In 2008 at the age of 25, Will Wellman had just graduated from graduate school when he began experiencing a variety of symptoms such as fatigue, stomach pains, and weight gain. After a few days of continued symptoms, he decided to visit a primary care doctor. The doctor ran a few tests and determined that kidney issues were causing the symptoms. A week later, a kidney biopsy revealed that Will had the kidney disease Minimal Change Disease. He was immediately put on steroids to combat the disease. Unfortunately, the disease showed no positive response to the steroids, and Will was put on a variety of immunosuppressants and then chemotherapy. Will's body did not respond to either of these treatments and he traveled to Boston to consult with specialists. They performed a second biopsy in Boston and determined that the Minimal Change Disease had morphed into FSGS (Focal segmental glomerulosclerosis).
FSGS is an idiopathic disease with no current cure that affects 5,400 people yearly. More than 19,000 people are currently living with End Stage Renal Disease (ESRD) due to FSGS. The disease attacks the glomeruli, tiny filters in the kidney, scarring them permanently and, ultimately, leading to ESRD. Eighteen months after his original diagnosis, Will's kidneys failed and he began dialysis at the age of 26; a treatment which requires many hours on a machine three times a week. Nine months later, his mother donated one of her kidneys for a transplant. Although the operation was successful, the disease relapsed (an occurrence in 50% of FSGS transplant patients) and permanently damaged half of the transplanted kidney within three weeks. Will was placed back on dialysis and will remain on the treatment indefinitely until a cure doctors discover a cure for FSGS.
Nick's battle with FSGS began during spring break of his junior year in high school. While heading out to the beach, his family noticed swelling in his legs and feet. By the end of the week, his swelling and fatigue had increased and doctors diagnosed him with Minimal Change Disease (MCD), which causes Nephrotic Syndrome (NS). Nick immediately began treatment, including a high dose of Prednisone, gradually decreasing over the months. Nick relapsed three times and had a kidney biopsy performed, confirming MCD and that he was still an NS patient.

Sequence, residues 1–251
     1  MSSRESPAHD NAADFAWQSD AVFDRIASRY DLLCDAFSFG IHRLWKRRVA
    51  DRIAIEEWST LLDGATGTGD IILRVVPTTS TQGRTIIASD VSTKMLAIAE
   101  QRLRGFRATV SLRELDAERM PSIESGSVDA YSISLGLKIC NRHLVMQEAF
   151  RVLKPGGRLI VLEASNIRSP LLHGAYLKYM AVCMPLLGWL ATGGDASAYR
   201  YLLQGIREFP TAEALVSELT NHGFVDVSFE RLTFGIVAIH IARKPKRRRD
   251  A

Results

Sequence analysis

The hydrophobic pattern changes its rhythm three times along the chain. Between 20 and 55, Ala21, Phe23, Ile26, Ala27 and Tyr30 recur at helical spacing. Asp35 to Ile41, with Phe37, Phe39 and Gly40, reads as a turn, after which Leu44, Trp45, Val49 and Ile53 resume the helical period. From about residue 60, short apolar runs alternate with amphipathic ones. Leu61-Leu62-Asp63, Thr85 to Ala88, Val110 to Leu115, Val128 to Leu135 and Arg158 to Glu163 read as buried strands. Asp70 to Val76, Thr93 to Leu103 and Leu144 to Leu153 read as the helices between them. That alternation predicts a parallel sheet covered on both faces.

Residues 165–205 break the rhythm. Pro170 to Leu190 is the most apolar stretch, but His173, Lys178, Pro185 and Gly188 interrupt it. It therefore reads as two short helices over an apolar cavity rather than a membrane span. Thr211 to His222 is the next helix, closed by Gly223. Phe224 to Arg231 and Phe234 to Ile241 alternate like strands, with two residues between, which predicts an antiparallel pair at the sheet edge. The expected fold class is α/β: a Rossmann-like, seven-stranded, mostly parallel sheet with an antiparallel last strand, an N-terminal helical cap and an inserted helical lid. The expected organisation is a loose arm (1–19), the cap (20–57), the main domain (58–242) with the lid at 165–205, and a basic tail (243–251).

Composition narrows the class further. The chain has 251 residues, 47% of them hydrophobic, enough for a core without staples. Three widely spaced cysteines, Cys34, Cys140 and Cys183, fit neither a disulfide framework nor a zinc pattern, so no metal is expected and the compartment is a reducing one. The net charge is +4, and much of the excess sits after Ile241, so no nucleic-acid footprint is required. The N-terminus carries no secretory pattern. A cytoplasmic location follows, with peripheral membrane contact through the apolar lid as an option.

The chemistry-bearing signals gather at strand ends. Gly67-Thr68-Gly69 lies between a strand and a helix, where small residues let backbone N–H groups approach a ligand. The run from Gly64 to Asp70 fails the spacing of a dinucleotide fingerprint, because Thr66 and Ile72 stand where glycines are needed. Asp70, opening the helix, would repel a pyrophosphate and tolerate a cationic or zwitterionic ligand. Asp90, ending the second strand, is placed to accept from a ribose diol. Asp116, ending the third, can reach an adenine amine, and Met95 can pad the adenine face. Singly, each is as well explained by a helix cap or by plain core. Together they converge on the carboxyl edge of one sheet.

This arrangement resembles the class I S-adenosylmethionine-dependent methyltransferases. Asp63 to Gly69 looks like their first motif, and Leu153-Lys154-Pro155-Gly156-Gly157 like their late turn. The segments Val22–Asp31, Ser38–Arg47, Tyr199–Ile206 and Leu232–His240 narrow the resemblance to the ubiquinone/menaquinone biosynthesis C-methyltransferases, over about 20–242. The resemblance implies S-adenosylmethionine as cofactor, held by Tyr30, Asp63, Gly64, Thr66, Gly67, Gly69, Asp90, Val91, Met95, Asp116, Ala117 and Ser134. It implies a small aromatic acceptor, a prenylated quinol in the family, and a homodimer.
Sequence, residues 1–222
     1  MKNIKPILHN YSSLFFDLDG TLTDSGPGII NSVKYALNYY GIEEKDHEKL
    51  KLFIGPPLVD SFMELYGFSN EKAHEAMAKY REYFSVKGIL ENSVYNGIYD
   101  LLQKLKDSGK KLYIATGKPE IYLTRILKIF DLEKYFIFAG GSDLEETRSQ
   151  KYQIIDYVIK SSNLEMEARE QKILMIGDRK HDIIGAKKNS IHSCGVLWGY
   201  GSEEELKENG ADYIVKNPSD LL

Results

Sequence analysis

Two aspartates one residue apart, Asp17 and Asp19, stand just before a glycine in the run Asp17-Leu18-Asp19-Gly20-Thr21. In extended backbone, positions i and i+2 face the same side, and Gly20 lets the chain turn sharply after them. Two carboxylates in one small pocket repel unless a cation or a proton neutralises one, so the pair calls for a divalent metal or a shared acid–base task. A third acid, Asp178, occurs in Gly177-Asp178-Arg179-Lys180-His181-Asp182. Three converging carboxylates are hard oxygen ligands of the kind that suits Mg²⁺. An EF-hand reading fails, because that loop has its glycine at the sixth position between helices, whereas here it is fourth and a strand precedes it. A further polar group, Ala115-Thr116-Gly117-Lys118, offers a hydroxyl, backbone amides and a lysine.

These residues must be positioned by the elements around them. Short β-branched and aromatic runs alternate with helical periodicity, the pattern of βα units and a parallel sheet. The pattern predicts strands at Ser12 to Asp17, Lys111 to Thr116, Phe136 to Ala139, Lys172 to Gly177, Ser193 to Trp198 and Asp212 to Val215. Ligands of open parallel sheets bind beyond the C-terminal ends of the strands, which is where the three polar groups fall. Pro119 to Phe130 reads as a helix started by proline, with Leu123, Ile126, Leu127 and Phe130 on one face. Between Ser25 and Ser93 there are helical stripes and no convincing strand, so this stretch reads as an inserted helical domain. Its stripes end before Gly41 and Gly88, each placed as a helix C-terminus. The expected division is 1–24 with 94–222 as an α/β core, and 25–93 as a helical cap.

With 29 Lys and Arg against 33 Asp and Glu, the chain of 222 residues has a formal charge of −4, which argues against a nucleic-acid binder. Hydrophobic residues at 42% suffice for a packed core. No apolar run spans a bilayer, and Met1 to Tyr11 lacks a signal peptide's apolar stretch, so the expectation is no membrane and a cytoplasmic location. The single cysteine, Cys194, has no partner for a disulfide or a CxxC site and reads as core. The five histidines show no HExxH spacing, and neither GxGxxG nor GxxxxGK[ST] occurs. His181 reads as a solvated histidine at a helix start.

Nick continues to live his life with the kidney disease, but has said that "the diagnosis has been a life changer, but not a life definer." With support from both family and church, he continues to live his life with the hope that there will be the needed improved in both treatments and, ultimately, a cure. Continued support of the NephCure Foundation and fundraisers like the Tampa Pig Jig are critical in finding a cure and a cause for NS and FSGS!
While pregnant with her child, Deanna visited her OBGYN for her second prenatal appointment. Her doctor informed her that her protein levels were high and referred her to a nephrologist. Initial, noninvasive testing could not determine a cause for the higher protein, so the nephrologist and OBGYN monitored her closely throughout pregnancy and recommended a kidney biopsy after her son was born. In May 2011, doctors diagnosed Deanna with FSGS. A new mom, she naturally had numerous questions and found support and information through NephCure. The organization helped her address her health issues head-on.
Medication has helped keep Deanna's illness controlled, and she considers herself fortunate for the early detection by her OBGYN. With help from her nephrologist, she has been able to live a moderately normal lifestyle years later. Even with the help of medications, Deanna believes that finding a cure for FSGS and MCD is essential because maintenance drugs cause side effects and do not work long term for most patients. Both Deanna and her family live in the hope that with funding and research efforts, a cure can be found.